Irrigation water not to blame for home-grown Erwinia chrysanthemi seed potato infection

Irrigation water appears unlikely to be have been the source of infections in home-grown seed potatoes of the bacterial disease Erwinia chrysanthemi, tests suggest.

But seed growers should continue to take steps to avoid introducing the pathogen – which produces symptoms similar to blackleg and can cause soft rots in progeny tubers – into seed-growing areas, John Elphinstone of the Central Science Laboratory told Farmers Weekly after speaking at the Potato Council’s Seed Industry event.

Research had revealed that the disease was caused by at least six different species of dickeya bacteria, but within Europe, only one – Dickeya dianthicola – had been implicated in causing the disease in potatoes, he said.

First found in the UK on ware crops in 1990, Erwinia chrysanthemi infections are mostly associated with crops that are grown from seed brought in from outside the UK.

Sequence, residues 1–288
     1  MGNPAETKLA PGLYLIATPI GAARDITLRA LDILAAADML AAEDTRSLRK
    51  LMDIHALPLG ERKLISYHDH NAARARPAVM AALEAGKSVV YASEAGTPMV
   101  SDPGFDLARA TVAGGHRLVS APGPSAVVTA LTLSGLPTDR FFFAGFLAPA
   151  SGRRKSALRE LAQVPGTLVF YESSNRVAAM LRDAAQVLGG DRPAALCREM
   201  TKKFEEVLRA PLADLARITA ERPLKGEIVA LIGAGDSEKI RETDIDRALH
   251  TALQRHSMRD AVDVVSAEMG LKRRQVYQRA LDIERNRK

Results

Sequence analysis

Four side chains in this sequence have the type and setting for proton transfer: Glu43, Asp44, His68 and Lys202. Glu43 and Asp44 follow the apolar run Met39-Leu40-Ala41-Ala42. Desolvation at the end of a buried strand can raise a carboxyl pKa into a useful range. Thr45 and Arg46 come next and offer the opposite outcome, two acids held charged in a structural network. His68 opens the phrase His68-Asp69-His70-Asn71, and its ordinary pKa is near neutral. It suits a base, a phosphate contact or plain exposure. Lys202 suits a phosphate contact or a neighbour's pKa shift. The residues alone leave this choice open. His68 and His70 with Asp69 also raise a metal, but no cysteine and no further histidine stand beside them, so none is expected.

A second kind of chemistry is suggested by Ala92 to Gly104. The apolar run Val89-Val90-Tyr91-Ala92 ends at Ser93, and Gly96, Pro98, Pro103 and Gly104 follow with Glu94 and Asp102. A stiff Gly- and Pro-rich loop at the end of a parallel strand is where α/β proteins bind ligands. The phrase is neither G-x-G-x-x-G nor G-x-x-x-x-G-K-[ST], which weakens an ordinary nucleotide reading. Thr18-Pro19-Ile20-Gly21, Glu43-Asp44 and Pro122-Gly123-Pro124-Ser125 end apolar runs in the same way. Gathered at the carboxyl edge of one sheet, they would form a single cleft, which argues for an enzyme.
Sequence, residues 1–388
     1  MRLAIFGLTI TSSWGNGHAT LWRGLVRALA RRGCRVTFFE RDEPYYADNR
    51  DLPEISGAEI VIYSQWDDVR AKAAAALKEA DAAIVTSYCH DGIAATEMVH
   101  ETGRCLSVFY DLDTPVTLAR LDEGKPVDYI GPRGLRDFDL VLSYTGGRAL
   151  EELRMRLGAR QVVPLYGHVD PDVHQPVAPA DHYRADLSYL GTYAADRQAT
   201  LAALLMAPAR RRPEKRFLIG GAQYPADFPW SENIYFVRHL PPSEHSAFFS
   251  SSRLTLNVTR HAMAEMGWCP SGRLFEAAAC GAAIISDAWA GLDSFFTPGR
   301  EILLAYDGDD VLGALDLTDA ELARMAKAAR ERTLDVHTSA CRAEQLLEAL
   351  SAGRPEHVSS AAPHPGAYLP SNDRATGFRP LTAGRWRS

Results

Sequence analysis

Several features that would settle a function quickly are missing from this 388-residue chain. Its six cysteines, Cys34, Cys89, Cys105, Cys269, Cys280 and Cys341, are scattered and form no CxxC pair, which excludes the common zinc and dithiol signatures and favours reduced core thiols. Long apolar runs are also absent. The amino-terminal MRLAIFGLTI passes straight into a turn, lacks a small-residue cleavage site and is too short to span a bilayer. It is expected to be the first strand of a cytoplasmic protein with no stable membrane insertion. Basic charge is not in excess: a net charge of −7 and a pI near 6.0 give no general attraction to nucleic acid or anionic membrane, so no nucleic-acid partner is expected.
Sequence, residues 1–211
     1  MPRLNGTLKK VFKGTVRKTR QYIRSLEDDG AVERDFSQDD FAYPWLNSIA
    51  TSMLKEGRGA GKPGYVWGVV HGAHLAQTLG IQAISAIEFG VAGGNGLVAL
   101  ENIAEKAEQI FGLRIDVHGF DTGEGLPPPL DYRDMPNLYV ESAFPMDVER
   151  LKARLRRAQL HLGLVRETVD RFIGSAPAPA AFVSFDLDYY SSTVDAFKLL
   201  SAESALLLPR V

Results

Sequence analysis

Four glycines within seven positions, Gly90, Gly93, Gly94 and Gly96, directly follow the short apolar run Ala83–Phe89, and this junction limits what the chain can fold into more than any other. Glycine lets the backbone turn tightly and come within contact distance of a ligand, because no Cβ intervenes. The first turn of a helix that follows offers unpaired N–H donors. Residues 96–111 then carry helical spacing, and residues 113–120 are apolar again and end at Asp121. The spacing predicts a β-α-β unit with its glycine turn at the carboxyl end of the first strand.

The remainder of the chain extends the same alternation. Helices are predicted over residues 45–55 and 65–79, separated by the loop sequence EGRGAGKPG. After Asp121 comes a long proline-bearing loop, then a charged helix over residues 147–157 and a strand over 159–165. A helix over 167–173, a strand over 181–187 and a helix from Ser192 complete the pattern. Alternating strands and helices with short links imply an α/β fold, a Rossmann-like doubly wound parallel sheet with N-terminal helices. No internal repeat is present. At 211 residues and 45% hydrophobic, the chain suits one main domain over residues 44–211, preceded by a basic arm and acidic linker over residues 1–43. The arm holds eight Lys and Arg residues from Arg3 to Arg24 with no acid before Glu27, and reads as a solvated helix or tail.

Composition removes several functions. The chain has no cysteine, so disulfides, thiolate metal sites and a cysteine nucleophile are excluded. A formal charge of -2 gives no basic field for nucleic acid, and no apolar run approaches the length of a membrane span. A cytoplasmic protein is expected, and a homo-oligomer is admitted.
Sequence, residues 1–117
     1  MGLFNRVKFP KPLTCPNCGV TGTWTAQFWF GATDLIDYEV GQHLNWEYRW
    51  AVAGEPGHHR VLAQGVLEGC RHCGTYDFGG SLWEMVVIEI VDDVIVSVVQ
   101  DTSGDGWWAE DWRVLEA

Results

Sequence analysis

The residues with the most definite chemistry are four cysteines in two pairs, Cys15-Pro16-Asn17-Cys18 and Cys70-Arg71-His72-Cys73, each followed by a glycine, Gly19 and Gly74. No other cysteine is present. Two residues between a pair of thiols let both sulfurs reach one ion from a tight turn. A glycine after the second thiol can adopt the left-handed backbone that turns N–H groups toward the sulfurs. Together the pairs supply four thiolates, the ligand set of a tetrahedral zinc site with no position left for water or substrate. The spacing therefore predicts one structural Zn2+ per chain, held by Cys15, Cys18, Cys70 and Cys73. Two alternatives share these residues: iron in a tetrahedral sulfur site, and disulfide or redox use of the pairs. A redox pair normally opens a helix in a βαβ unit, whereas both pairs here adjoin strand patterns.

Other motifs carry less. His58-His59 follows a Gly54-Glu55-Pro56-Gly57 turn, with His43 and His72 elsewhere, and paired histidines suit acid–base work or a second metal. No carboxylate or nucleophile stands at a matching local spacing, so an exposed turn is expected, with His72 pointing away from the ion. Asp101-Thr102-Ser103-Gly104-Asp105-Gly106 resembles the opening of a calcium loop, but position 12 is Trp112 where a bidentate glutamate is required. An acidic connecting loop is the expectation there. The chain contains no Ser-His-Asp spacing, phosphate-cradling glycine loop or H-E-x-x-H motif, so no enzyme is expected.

But it had also been found in two home-grown seed stocks, including one from Suffolk identified during testing of samples collected for a brown and ring rot survey in 2007.

There had been some suggestions that the source of the infection could have been irrigation water because Dickeya species have been detected in watercourses. But the strains found in watercourses were different, said Dr Elphinstone. “So it looks like it might not be through water.”

More research was being undertaken in a three-year Scottish government-funded project into the bacteria’s biology to help understand how the infection had moved into seed crops, with the aim of designing a better control programme, he said.

“At the moment it is difficult to recommend specific control measures for chrysanthemi,” he added.

Following guidelines for controlling soft rots and blackleg would be a good starting point for seed growers to help prevent its introduction, he suggested, particularly in Scotland, where the disease had never been found.

“Being a member of the Safe Haven scheme would also provide a barrier to introducing the disease on seed from outside the UK,” Dr Elphinstone added.

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